New Hampshire has a relatively high share of vacation properties….more than ten percent statewide, with heavy concentrations in resort areas. We’ll look at the impact of these get-away homes on property taxes, demographics, and jobs…also, how the second-home market may provide a bright spot in an otherwise struggling real estate sector.
When immigrants and refugees come to a new country like America, they are often cut off from their homeland, their loved ones and their culture. Often they are required, even at very young ages, to navigate a tangled web of bureaucracies and to adapt rapidly to new settings. Many newcomers find resources that help them make the transition to their new lives in New Hampshire yet others may find those resources lacking. We listen to firsthand accounts of the struggles involved in coming to the Granite State.
Former Utah Governor and Republican presidential candidate Jon Huntsman. He’s touting himself as the only candidate with real foreign policy experience, after serving as Ambassador to China and Singapore. We’ll talk with Huntsman about where he stands on the issues and why he’d be the best to take on President Obama.
In recent years, children are arriving from new countries, bringing diversity but also new challenges. Many don’t speak English and some aren’t literate in their own language. We talk with people in the education system and folks dealing with foreign born newcomers on a daily basis and ask how they are working to overcome these issues.
June Tumblin: Department Head of the English Learner program at Manchester Central High School
Thomas Sica: Principal of Rundlett Middle School in Concord
Healthcare delivery is complicated enough without language barriers, financial difficulties and cultural misunderstandings. Being a newcomer in a strange country presents many new challenges but healthcare is one of the most difficult to overcome. We take a look at the myriad obstacles the foreign born population face, and what some local healthcare providers are doing to help overcome them.
We’re looking at the history of immigration as a part of NHPR’s year long series on New Hampshire’s Immigration Story. In the early days it was French Canadians and Irish who arrived, at the turn of the last century Greeks and Eastern Europeans and today, new arrivals from Brazil, to Burundi to Bhutan. We’re looking at who came, why they came and the little known stories around our immigration history.
David Watters: Professor of English at UNH, where he is the director of the center for New England culture.
As of early 2010, more than 2 million US troops have served in Iraq and Afghanistan. Larry Minear, a researcher on international and internal armed conflicts, has spent a lot of time talking to more than 175 of these veterans, many of whom came from New Hampshire and Vermont. He talked to them about what motivated them to go to war, what they did once they went over, and how they rejoined society upon their return.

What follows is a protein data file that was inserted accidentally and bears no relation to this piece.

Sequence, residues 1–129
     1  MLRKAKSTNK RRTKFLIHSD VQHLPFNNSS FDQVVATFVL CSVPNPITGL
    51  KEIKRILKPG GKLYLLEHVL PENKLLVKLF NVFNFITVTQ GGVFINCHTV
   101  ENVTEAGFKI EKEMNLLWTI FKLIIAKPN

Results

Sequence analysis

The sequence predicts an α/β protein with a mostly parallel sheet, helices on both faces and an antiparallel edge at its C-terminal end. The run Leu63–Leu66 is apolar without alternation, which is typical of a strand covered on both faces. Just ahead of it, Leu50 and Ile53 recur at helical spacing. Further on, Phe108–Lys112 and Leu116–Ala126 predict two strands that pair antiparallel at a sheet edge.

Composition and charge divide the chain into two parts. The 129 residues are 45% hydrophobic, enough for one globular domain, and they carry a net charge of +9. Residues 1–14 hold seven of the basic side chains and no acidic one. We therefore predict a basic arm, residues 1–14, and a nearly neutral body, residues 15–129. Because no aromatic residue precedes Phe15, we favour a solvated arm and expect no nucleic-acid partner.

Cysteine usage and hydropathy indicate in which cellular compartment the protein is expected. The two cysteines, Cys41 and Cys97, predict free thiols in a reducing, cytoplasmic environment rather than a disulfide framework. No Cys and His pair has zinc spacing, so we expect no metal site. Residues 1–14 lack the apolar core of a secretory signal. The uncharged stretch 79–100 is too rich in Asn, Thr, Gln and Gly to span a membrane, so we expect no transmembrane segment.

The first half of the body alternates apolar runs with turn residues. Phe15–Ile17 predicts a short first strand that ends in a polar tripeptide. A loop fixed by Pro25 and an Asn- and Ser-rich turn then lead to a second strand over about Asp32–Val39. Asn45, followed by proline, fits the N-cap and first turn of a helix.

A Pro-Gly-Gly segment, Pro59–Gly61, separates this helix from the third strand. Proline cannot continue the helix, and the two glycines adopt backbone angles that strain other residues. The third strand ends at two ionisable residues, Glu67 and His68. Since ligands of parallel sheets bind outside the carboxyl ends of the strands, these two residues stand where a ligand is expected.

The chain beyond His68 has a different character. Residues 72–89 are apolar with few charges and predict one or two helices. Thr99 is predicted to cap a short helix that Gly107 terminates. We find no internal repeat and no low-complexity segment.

Almost since it was first unveiled a year ago, the Northern Pass , a $1.1 billion hydroelectric project that would transmit power from Canada to central NH then on to the new England grid, has provoked sharp debate especially in the north country, where some forests would have to be cut for transmission lines. But now the debate is spreading to Central New Hampshire. We get the latest from two reporters who have been covering the communities where the discussion had been the loudest.
The October storm that left hundreds of thousands without power in New Hampshire may have been unlikely for this time of year, but it’s also a scenario familiar to Granite Staters who have weathered many natural disasters in recent years, including floods, ice storms, and even a tornado. We take a look at what we’ve learned from these events, where our emergency preparedness is still lacking, and how we might fare as we head into another winter season.
Although we are a nation of immigrants, the first laws to enforce who could be an American citizen and who couldn't didn’t appear until the late 1880s. Since then, new legislation like the Immigration Acts of 1921 and 1965, as well as the Refugee Act of 1980s have both strengthen and loosened these rules. As part of our year long series "New Hampshire's Immigration Story", we'll talk today about the law, how it’s evolved and ask if it once again needs to be modified?
The idea of virtual learning is growing in the American education system. More students from Kindergarten through 12th grade are learning in front of a screen rather than from a live teacher. While some say the format is cost efficient and tailored to each individual's learning speed, others say essential components of the schooling system, such as development of social skills and hands on lessons, are being compromised in the process. Many educators are looking on with reluctant optimism as the virtual world expands in its implementation. Today we're looking at education that favors co
Governor Lynch’s newest amendment, which aims to give the legislature more elbow room to pay for education, has surprised, angered and pleased law makers on both sides of the aisle. This is the third amendment proposed this year after the House and Senate each passed versions of their own. Lawmakers on the right are displeased with Lynch's legal word choice, lawmakers on the left don't want an amendment at all, but there are those who think a compromise is possible.
Over the last few months, several hundred African refugees were resettled in Manchester. We'll take a look at who they are, the challenges they face, and how the city is handling this new and very different population. Laura is joined by Robert Baines, Mayor of Manchester, Dr. Westy Egmont, executive director of the International Institute of Boston, and Beatrice Munyenyezi, a Manchester resident who was a refugee from Rwanda. Ms. Munyenyezi now works at the Manchester Housing Authority.